Statutory measures
Transitional decree of March 9, 1993 - 5% blend in diesel fuel subject to pump display. Decree of December 20, 1993 - Generalised use of a less than 5% blend from 1/04/94. Decree of August 28, 1997 - New specifications for Fatty Acid Methyl Esters as a less than 5% blend in diesel fuel and heating oil.

Fiscal measures
Finance law for 1992

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- TIPP exemption for rapeseed and sunflower esters produced in pilot units approved and used as part of a trials programme. Valid up to 31/12/96. Finance law for 1993 - Perpetuation of this exemption. Correction finance law for 1993 - Upper limit of FFr 2.30/litre placed on exemption. Correction finance law for 1997 - Approval of FAME's production units as part of a European call for proposals.

Situation in the year 2000 In agricultural terms


Rapeseed for biofuel production now concerns an area of about 300,000ha in France (Figure 1). This corresponds to a very significant development since the areas thus mobilised have been multiplied by 8 in the space of a few years. The decrease in areas during some years is due to the fact that there are no specific regulations at European level concerning oil-yielding plant crops for the non-food sector. Biofuel was developed in France and in Europe within a non-production framework: the energy set aside framework. When the mandatory set aside ratio decreased some years, the areas intended for biofuel were lower (Tab le 2). By the way, transesterification industries are embarrassed by such unstable supplies too.

In industrial terms
As I mentioned previously, to benefit from a suitable fiscal framework in France, biofuel must be produced by units approved by the public authorities following a European call for proposals. The currently approved units are listed in Tab le 3. The units located in France are shown in Figure 2. The Grand-Couronne and Compigne units belong to the oil-yielding plant sector and are operated by one of its subsidiaries, Diester industrie. For the biofuel aspect, Diester industrie also operates, on a special order basis, the Boussens plant which belongs to the Cognis group. Novaol, a subsidiary of the Eridania Beghin Say group, operates the Verdun plant, belonging to the Ici group. In view of the biofuel rapeseed sowing intentions of agricultural producers, and the oil market demand, we consider the total approval of 317,500T to be insufficient. We have thus requested an additional approval of 80,000T from the public authorities. The file is being examined.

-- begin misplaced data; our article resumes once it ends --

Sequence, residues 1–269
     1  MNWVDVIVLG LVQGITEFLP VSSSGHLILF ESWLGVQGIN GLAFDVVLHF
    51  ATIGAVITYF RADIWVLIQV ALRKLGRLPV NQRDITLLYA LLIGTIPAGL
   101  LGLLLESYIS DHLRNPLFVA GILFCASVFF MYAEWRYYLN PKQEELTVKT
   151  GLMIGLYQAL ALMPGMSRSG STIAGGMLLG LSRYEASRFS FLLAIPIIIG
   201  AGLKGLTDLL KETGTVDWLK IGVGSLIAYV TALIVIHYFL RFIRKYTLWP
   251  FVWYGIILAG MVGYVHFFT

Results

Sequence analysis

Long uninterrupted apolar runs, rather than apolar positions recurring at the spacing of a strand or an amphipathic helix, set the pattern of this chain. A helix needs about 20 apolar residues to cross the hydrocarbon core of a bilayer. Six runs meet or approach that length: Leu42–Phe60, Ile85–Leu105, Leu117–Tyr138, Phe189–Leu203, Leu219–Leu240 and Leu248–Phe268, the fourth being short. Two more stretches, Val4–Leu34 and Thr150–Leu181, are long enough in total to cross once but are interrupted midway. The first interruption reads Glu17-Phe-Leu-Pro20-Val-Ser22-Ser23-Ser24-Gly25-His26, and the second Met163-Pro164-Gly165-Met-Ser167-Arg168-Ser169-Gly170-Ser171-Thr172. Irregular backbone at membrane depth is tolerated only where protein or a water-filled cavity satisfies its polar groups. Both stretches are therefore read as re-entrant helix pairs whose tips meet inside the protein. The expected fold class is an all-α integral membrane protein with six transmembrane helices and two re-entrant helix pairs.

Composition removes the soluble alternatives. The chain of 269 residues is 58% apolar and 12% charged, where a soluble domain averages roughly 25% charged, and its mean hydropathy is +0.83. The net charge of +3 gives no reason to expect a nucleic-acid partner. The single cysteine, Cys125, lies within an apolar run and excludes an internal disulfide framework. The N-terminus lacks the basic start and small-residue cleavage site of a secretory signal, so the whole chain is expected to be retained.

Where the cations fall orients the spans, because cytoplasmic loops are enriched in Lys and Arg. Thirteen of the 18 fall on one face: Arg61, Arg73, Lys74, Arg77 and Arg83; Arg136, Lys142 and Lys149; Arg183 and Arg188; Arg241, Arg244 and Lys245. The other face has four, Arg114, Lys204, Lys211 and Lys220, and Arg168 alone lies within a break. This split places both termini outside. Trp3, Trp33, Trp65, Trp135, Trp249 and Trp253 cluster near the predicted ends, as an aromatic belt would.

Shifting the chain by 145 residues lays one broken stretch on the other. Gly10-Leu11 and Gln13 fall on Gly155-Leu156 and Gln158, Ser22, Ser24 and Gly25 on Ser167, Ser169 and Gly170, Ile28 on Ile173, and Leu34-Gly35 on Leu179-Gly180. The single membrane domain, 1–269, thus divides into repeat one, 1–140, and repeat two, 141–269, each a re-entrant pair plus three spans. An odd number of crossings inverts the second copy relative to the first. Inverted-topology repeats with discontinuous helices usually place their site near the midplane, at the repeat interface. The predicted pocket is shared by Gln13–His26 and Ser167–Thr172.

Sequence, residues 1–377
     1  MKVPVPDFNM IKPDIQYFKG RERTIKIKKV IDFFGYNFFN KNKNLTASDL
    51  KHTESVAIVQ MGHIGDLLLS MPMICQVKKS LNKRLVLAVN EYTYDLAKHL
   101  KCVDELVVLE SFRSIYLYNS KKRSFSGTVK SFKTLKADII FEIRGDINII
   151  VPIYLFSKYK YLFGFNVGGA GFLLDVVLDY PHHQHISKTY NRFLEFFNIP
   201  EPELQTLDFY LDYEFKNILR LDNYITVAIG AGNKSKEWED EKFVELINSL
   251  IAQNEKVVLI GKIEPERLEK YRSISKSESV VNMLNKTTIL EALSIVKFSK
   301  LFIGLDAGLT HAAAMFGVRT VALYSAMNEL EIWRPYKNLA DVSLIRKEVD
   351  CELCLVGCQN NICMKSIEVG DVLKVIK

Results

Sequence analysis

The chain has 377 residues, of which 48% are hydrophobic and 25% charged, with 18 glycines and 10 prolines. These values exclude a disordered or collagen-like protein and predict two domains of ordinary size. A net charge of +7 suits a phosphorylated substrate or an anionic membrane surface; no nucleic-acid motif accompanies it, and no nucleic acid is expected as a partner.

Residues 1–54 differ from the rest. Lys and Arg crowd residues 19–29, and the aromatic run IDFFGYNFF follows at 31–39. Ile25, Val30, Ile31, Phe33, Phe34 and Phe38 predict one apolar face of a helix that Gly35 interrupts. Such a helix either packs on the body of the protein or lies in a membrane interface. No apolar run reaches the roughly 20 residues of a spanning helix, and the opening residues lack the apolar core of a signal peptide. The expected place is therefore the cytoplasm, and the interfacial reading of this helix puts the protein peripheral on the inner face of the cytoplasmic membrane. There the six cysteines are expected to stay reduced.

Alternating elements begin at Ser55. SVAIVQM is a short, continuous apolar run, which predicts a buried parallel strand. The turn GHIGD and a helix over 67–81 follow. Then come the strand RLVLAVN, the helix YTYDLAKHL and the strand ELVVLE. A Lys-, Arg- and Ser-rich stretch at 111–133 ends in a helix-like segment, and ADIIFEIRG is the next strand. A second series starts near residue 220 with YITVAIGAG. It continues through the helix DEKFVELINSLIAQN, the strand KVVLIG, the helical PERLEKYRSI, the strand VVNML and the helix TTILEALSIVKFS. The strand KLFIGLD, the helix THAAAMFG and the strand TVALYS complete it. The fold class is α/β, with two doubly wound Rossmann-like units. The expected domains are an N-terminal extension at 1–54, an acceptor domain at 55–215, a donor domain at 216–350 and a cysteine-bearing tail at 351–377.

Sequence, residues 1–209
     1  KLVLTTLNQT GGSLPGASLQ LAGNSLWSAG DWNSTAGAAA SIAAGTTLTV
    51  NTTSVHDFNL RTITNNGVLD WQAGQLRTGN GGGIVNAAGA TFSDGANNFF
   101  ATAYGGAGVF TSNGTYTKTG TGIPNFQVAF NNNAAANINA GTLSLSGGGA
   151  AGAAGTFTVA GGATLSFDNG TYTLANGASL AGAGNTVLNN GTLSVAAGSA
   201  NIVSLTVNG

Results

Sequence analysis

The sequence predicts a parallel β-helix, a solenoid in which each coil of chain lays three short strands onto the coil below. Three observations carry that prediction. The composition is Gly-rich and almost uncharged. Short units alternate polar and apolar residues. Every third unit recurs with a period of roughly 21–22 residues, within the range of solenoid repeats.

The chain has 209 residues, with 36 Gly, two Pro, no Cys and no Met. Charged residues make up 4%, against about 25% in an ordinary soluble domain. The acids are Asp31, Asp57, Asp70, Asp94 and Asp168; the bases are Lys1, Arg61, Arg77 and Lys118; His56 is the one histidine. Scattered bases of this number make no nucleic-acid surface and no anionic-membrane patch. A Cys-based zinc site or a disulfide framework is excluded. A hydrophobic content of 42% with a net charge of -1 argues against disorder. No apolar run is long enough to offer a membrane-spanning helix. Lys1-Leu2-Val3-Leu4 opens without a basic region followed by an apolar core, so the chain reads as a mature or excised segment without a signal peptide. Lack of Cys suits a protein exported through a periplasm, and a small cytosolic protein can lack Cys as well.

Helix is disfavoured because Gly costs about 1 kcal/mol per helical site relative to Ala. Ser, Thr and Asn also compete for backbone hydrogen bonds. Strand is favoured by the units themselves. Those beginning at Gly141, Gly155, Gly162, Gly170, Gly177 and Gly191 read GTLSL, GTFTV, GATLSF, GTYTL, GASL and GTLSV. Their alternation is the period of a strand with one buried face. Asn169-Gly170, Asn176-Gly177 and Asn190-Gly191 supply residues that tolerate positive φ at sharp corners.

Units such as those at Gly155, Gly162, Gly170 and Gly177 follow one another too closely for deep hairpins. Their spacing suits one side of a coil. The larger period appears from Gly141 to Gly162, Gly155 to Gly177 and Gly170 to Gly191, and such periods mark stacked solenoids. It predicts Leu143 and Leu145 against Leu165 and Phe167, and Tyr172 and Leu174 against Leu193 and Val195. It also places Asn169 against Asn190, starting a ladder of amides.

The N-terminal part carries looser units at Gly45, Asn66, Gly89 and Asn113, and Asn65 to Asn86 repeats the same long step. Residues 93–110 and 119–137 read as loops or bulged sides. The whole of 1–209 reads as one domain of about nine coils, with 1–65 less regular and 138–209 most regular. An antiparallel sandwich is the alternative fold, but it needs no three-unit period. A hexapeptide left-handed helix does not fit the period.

In commercial terms
The marketable quantities have varied as follows over the last few years (Tab le 4): - end of 1993: start up of the Compigne demonstration unit, - 1994: Novaol imports RMEs and adapts two units (Pronne and Verdun), - end of 1995: start up of the Grand-Couronne unit, - 1998: drop in consumption linked to the drop in production due to the set aside rate, - the difference between approvals and consumption is due to approvals not fulfilled, differences between

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approvals and production, and between production and consumption.

Advantages of biofuel
While biofuel came about as a result of an agricultural problem, the functional and environmental assets of this product are now recognised and fully justify its development. I do not intend to go into the upstream aspects in agricultural terms (rapeseed trapping nitrates) or the macroeconomic aspects (employment, commercial balance) and will concentrate on the finished product only.

Functional advantages
Lubricity